“Obviously people with a predisposition are at great risk, but also people who are tasked with juggling a family and work life—homeschooling, care-taking of relatives—simultaneously, or those who are now forced to work under even more pressure, doctors, nurses, certain retailers, mail carriers”, Groeger claims.

 

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Lockdown and self-confinement come in many shapes and forms, just as the households we’ve been summoned to retreat to for time being. Some of us live in the city, some of us live out in the country. Some of us live with a partner, some of us live with their parents or friends or mere acquaintances, and then there are those of us who live entirely by themselves. Each of these constellations comes with its very own set of advantages and disadvantages, even without adding pandemic-invoked restrictions to the equation. And while some of these restrictions have provoked welcome shifts to the relationships with ourselves and our fellows, others have, in turn, raveled many a life’s design for the worse. 

“Many psychosocial illnesses are accompanied by feelings of not being ‘deserving’ of help,” Groeger explains, “or contemplations of surrendering to the impossibility of ever getting better. But everyone is deserving of help and has the potential to get better, no matter how doubtful they may be of recovery.”

While it’s important to respect boundaries, avoid strains on your relationship with someone who may be suffering, checking in, with eyes and ears, is “important, to help the people around you find what they’re in need of”. “Express your concerns”, Groeger suggests, “consult with mutual friends or their family members” if you suspect or observe a loved one succumbing to their situation.

Now that the virus has temporarily handicapped our freedom as we know it, the concept of space—“spatially combining one’s private and professional life,” as Groeger puts it—becomes one of special interest, literally and metaphorically. Space from the ones we’re locked indoors with, space to roam outside the building we reside in, space to accommodate creative or spiritual needs, as well as the erasure of spatial distinction between home and work; or home and a therapist’s practice. The latter is particularly divisive, it seems.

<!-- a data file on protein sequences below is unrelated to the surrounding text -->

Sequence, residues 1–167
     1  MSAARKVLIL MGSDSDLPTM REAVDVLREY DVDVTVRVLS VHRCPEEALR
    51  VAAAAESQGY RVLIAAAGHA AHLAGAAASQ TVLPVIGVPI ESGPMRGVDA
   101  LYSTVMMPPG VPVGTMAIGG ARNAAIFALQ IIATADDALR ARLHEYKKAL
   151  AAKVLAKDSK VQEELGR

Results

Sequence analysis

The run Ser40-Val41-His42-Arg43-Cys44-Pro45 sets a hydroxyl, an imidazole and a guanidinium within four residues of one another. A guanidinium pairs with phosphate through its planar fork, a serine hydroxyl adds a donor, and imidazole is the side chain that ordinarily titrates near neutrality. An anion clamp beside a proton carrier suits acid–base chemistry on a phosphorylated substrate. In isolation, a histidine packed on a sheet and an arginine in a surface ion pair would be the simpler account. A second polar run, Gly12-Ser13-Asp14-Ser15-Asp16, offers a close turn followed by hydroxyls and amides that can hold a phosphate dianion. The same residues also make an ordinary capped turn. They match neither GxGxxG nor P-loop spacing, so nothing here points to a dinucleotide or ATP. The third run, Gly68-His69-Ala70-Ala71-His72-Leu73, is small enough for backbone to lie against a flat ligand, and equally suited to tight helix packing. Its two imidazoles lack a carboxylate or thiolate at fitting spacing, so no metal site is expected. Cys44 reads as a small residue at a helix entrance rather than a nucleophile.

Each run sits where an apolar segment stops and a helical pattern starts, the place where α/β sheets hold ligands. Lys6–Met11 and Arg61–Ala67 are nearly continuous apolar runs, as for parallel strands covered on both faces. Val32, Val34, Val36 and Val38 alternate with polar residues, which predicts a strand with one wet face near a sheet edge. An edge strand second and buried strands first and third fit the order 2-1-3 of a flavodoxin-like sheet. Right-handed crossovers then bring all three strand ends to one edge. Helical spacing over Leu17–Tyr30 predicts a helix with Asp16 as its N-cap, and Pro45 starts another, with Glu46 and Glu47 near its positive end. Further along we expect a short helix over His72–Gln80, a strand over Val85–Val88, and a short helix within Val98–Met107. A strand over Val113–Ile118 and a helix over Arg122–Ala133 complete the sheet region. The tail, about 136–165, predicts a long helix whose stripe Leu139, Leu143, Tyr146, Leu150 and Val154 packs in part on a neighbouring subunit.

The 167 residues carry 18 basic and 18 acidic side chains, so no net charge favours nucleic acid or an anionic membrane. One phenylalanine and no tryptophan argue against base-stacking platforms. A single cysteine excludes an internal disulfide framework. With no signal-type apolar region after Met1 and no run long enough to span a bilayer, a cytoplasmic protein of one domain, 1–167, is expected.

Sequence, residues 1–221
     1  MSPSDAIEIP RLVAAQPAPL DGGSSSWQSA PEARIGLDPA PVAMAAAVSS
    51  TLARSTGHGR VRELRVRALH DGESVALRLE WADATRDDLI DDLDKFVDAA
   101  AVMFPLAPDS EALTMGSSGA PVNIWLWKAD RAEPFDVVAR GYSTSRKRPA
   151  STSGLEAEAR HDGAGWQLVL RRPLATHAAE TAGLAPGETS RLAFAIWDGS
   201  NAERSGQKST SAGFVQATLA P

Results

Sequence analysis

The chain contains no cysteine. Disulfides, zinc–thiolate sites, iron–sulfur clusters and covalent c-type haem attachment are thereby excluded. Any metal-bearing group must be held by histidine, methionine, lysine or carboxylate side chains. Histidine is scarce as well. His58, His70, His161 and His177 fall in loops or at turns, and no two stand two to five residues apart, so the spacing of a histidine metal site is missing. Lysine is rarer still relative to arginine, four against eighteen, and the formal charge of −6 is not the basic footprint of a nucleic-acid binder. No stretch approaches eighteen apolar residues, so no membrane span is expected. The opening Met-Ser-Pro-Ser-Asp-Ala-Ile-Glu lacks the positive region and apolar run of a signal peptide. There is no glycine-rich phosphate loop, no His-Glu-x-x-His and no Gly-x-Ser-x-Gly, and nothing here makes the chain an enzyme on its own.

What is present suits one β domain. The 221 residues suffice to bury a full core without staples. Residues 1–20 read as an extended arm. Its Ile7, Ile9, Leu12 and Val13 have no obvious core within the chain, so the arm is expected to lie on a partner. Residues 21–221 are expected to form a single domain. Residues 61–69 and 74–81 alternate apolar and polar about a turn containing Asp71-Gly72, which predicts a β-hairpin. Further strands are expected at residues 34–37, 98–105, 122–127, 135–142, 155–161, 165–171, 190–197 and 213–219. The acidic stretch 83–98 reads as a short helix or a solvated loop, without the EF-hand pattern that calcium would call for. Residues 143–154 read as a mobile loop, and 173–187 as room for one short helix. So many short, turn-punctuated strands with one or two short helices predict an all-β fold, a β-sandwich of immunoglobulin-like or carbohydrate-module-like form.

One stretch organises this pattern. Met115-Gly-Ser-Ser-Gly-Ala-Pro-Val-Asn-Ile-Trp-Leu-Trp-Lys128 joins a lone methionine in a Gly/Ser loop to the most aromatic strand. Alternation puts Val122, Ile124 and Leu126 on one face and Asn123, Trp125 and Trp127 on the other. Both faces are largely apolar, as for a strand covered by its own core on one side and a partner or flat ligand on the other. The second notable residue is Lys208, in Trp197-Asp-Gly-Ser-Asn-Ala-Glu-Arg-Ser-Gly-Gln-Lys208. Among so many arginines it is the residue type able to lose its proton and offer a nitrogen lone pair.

Albeit a genuine offer to keep patients afloat (and to stick to insurance-administered protocol, to secure income, and so on), not every client can so effortlessly transition from face-to-face-sessions with their psychologist to video calls. Firstly, this alteration from in-flesh to digital could fall victim to technological impossibilities—as in weak internet connection or the absence of a capable device. Secondly, it may come with certain inconveniences, varying in severity, relating to the person’s living situation—as in disrupting the pursuit of needed routines, feeling unable to speak on delicate topics in the imminent presence of room-, housemates or family members, all of whom might unknowingly, actively or passively contribute to said person’s problems. Potentially dangerous dynamics elaborated on from within one’s own home, might mean more exposure to toxicity within the home sphere.